That was my point. I don't need to sell prior to maturity. I have a plan, it works and I stick with it. I can't buy iBonds in my tIRA. You know this.
Good for you. You have a plan and expect to stick with it. However, lots of other folks start out with a plan and then life happens and they have to sell prior to maturity in which case they can lose money with TIPS but not with I Bonds. Just want to make folks aware of the possibilities before they choose.
Yes, thank you Mel... I appreciate the clarification.
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Re: 2043-47 TIPS paying 1.6%

Post by Robot Monster »

FreddieFIRE wrote: Tue Sep 27, 2022 12:18 pm
Bill Bernstein wrote: Tue Sep 27, 2022 8:54 am I would be careful saying that TIPS provide protection against unexpected inflation.
Why? This makes no sense.
I suppose he's saying people need to understand more than just "TIPS provide protection against unexpected inflation". They need to understand the interest rate risk TIPS have (that I Bonds don't).
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Re: 2043-47 TIPS paying 1.6%

Post by discman017 »

FreddieFIRE wrote: Tue Sep 27, 2022 12:18 pm For many of us, our fixed income investments have nothing to do with "coming out ahead/behind." It's all about preservation of purchasing power, and there ain't nothin that beats TIPS. 8-)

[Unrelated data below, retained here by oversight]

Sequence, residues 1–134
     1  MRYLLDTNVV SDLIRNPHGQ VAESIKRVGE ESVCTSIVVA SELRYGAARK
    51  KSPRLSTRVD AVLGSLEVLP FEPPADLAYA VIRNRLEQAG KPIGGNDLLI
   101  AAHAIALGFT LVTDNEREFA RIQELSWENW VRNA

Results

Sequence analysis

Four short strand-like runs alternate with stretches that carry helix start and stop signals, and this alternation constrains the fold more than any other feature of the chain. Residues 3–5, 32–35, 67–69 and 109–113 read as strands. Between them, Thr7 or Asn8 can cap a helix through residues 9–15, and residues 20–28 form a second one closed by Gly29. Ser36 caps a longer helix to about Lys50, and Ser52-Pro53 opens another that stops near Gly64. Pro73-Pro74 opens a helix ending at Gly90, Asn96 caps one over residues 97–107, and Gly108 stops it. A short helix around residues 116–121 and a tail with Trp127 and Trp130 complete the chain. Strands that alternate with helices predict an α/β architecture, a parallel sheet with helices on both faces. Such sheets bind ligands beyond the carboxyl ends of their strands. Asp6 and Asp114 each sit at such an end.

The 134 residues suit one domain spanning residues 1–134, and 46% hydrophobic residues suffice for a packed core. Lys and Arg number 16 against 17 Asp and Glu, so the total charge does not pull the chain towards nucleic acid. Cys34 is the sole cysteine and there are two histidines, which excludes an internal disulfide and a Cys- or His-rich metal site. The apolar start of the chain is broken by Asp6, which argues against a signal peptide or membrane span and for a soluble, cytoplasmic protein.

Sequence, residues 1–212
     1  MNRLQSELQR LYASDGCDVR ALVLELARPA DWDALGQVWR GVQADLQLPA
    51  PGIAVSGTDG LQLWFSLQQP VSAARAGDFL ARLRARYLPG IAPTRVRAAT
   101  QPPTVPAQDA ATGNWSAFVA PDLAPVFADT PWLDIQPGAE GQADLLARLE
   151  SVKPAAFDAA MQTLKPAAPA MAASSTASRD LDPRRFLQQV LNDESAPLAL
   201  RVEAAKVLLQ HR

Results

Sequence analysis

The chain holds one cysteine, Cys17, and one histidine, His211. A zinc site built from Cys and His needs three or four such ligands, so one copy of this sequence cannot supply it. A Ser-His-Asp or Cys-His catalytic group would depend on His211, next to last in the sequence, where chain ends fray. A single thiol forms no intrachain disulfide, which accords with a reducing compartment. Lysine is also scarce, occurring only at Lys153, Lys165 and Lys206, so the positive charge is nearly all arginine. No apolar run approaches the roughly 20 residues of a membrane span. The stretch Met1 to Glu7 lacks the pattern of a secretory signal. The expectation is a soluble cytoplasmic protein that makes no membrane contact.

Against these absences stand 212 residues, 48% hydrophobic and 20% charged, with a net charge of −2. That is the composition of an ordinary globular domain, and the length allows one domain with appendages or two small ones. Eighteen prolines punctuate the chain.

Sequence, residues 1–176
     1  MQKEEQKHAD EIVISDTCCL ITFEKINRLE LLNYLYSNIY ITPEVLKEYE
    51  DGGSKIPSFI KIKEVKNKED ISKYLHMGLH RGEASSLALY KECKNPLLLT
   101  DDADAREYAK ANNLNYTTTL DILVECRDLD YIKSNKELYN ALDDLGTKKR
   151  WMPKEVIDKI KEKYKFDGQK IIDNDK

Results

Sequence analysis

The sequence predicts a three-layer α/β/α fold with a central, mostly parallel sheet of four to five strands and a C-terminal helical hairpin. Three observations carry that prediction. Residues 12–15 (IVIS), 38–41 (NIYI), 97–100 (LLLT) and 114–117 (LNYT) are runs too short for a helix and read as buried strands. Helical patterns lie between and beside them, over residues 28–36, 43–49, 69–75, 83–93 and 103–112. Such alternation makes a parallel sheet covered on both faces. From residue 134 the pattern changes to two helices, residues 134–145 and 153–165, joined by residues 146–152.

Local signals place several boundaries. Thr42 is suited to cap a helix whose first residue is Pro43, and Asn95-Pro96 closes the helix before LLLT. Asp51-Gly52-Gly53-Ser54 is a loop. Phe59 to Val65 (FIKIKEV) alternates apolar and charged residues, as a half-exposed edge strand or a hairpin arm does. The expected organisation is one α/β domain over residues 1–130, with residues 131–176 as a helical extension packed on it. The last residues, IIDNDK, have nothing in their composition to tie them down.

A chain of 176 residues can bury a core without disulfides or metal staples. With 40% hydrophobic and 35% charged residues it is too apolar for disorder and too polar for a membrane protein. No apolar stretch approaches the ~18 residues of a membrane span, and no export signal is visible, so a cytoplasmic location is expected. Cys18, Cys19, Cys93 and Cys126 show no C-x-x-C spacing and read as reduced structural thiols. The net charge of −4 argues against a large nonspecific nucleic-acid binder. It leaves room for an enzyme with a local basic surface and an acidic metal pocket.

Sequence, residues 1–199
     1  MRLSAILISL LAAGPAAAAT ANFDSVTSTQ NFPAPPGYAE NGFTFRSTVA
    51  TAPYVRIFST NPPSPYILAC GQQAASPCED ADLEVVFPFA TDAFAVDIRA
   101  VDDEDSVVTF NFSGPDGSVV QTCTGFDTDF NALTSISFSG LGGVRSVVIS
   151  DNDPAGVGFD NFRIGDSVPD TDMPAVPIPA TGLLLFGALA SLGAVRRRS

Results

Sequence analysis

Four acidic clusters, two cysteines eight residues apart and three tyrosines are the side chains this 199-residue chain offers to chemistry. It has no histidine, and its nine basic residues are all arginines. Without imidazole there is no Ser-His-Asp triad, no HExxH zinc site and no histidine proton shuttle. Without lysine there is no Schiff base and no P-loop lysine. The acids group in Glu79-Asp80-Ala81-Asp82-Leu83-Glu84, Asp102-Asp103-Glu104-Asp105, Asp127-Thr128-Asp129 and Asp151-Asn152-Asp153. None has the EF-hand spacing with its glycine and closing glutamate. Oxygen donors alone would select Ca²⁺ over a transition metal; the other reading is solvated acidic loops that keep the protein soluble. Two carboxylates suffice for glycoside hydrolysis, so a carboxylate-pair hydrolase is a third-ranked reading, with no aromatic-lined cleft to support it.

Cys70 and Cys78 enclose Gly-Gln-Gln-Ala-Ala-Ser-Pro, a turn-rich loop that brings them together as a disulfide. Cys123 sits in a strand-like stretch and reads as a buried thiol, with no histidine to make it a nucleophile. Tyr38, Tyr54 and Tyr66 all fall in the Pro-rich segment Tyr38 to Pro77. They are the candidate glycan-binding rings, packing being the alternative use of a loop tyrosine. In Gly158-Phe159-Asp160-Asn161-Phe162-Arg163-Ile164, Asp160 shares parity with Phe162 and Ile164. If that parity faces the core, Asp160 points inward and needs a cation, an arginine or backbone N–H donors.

Well, I bonds. It's sure hard to beat a guaranteed 9.62% rate for the next six months, plus inflation adjustments whenever inflation is positive and nominal value preservation when inflation is negative.

But because of these enormous benefits to the buyer, the government imposes limits on I bond purchases. I suspect, like me, you've maxed out your annual I bonds allotment, in which case TIPS are excellent for preserving and (now, with recent rate increases) enhancing purchasing power over time.
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Re: 2043-47 TIPS paying 1.6%

Post by whodidntante »

Doc7 wrote: Tue Sep 27, 2022 9:04 am
whodidntante wrote: Mon Sep 26, 2022 10:00 pm The STIP iShares 0-5 Year TIPS Bond ETF has a real yield of 1.97%. The site is gonna melt soon from all the bond posts. One can only withstand so many kilobytes at a time!

Are you able to provide any feedback of the tax implications of holding STIP in a taxable account? Eg: how are "Capital Gains" from NAV changes which would be subject to state tax differentiated from NAV changes due to fund reinvestment of federal treasury yields, which I think would not be state taxable?
I'm probably the worst person on this site to direct a bond fund question to. But I'll take a shot. :happy

The fund has been successful at avoiding the distribution of capital gains and doesn't use derivatives, so tax treatment on the distributions would be similar to holding TIPS directly. You would manage to avoid state taxes by holding the fund. Or at least, you would have in the past, and I see no reason to suspect the future will be worse.

If you were to sell STIP, that would be a capital gain or capital loss and would have the usual impact. Most if not all states with an income tax also tax capital gains.